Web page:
Tags: health | preemies | NIH | HHS | misconduct

Federal Health Agencies Accused of Misconduct in Preemie Study

Tuesday, 20 May 2014 09:14 AM

Two leading federal health agencies have been accused of unethical conduct by exerting undue influence on their own oversight group.

A report by Public Citizen claims that the Department of Health and Human Services and the National Institutes of Health applied inappropriate pressure on their watchdog, the Office for Human Research Protections, according to the Huffington Post.

Public Citizen, a consumer advocacy group, says the result was that the two agencies weakened the conclusions of an NIH-funded study into the correct levels of oxygen levels for premature infants.

The first version of the oversight agency’s report slammed researchers for not properly letting the babies' parents know about the study’s risks, which included blindness, brain damage, even death. But the report was later softened following a series of communication involving the NIH and HHS.

The Public Citizen report, released Tuesday, was based on documents obtained through a Freedom of Information Act request.

Democratic Rep. Rosa DeLauro has demanded an official investigation "to prevent such improper interference" from happening again.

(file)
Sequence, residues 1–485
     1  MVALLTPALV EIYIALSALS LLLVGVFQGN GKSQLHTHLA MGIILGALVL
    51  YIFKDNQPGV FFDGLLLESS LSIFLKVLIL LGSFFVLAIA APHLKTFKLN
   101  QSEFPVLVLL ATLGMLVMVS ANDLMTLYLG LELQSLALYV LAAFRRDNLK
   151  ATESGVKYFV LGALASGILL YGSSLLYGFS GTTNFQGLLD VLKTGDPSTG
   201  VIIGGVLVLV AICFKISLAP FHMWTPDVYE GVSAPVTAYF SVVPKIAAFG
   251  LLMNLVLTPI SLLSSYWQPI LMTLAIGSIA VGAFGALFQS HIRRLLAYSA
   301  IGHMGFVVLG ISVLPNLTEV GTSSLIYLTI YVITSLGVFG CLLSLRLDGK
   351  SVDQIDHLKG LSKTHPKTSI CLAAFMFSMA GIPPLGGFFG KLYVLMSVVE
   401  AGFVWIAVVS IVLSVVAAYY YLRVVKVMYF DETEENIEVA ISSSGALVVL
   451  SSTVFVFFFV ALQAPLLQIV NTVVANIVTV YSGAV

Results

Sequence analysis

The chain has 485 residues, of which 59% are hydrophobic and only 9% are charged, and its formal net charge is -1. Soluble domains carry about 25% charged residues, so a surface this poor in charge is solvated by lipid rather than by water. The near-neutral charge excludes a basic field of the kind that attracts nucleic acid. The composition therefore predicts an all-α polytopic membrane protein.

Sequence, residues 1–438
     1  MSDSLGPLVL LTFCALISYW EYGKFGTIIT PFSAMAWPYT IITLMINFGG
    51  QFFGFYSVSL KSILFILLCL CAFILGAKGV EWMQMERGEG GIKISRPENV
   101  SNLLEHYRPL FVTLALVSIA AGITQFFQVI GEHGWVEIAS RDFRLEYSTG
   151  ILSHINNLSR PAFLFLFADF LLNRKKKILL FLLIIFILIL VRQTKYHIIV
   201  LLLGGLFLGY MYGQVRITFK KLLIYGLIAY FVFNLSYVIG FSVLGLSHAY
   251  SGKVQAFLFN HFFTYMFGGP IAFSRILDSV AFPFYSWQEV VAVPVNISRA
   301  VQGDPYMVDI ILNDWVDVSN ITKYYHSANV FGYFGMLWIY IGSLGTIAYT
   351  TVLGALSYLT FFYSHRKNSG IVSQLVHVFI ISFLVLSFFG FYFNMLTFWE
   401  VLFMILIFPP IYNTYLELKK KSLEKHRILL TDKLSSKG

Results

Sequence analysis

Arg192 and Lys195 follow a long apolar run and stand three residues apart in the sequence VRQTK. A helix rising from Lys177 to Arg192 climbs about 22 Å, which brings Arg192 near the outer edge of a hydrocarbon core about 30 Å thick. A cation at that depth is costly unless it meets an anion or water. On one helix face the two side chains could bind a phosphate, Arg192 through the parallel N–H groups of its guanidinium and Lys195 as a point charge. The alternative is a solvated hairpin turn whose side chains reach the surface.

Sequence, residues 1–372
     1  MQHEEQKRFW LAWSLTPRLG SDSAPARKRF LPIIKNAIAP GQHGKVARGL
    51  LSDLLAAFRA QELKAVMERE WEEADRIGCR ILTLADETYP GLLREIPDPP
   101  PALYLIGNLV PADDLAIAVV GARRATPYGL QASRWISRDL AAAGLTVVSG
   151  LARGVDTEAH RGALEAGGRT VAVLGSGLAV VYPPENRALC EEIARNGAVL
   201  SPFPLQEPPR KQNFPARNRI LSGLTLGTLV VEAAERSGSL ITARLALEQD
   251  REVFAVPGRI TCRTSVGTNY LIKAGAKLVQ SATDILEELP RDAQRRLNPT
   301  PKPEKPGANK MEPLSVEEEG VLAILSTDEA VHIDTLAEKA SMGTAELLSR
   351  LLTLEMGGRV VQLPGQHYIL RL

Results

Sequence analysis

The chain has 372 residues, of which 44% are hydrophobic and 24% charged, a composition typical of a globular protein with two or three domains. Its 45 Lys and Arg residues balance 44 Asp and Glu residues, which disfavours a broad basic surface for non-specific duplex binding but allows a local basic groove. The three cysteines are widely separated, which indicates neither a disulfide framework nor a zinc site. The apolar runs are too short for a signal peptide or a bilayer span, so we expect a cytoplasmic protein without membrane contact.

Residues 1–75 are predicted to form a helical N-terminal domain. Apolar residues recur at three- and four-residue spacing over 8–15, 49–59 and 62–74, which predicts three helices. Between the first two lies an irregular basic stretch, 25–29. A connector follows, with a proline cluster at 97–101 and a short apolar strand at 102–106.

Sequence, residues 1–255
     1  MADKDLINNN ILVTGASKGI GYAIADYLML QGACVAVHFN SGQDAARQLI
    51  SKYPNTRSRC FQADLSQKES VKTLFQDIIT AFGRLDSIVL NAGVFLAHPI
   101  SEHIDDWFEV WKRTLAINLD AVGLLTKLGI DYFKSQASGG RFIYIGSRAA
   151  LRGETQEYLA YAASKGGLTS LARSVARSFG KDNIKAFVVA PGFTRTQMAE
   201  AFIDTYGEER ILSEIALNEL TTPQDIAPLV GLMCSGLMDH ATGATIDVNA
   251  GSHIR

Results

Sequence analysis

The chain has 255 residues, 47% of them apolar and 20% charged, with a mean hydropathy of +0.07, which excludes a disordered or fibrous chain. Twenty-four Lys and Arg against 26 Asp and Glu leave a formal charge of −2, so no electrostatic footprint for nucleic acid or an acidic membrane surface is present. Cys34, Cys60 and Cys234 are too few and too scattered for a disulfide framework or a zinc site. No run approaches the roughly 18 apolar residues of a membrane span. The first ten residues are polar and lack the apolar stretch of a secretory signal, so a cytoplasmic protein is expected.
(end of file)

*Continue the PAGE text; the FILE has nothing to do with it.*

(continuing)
"What appears to have happened here is that NIH, despite substantial conflicts of interest, was allowed to interfere and, in my view, improperly influence the investigation," DeLauro of Connecticut told the Post.

Tait Sye, an HHS spokesman, denied the accusations, saying that the NIH was simply adding more information to the original report from an HHS agency, Office for Human Research Protections (OHRP), which NIH did on a regularly basis.

"OHRP regularly works with entities such as NIH, [Institutional Review Boards] and others to ensure the protection of human subjects in research," Sye said.

The research into the correct amount of oxygen for premature babies, called SUPPORT, began in 2004 with a $20 million grant, and ended in 2009. The findings showed that that babies who received supplemental oxygen suffered "no more blindness, but greater survival" than babies who were given a little less oxygen, according to reports.

Public Citizen says that communications in 2013 between OHRP and the NIH, as well as officials in the HHS Office of the Secretary, showed "an unprecedented amount of coordination" to tone down the more harsh segments of the first report about the dangers of the study.

Michael Carome, director of Public Citizen’s Health Research Group, criticized the HHS and NIH for crossing the line between watchdog and the agency it was reviewing.

"This type of interference is simply unprecedented and simply disturbing," said Carome. "This is like the Department of Justice preparing an indictment against some criminal and allowing the criminal to view the indictment and edit it before it moves forward.

"It is like the FDA investigating a drug trial and the FDA commissioner allowing a draft warning letter to be shared with the drug company before it was issued and letting them review and suggest edits to the letter."

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Two leading federal health agencies have been accused of unethical conduct by exerting undue influence on their own oversight group.
health, preemies, NIH, HHS, misconduct
Tuesday, 20 May 2014 09:14 AM
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